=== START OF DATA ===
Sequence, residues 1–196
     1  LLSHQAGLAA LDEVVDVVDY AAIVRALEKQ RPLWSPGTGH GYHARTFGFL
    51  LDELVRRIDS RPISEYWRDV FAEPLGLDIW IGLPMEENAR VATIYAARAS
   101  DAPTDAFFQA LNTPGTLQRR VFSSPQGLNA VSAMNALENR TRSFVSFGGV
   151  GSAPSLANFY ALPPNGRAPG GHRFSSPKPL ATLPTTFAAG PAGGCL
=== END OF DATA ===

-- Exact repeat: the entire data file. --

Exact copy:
Sequence, residues 1–196
     1  LLSHQAGLAA LDEVVDVVDY AAIVRALEKQ RPLWSPGTGH GYHARTFGFL
    51  LDELVRRIDS RPISEYWRDV FAEPLGLDIW IGLPMEENAR VATIYAARAS
   101  DAPTDAFFQA LNTPGTLQRR VFSSPQGLNA VSAMNALENR TRSFVSFGGV
   151  GSAPSLANFY ALPPNGRAPG GHRFSSPKPL ATLPTTFAAG PAGGCL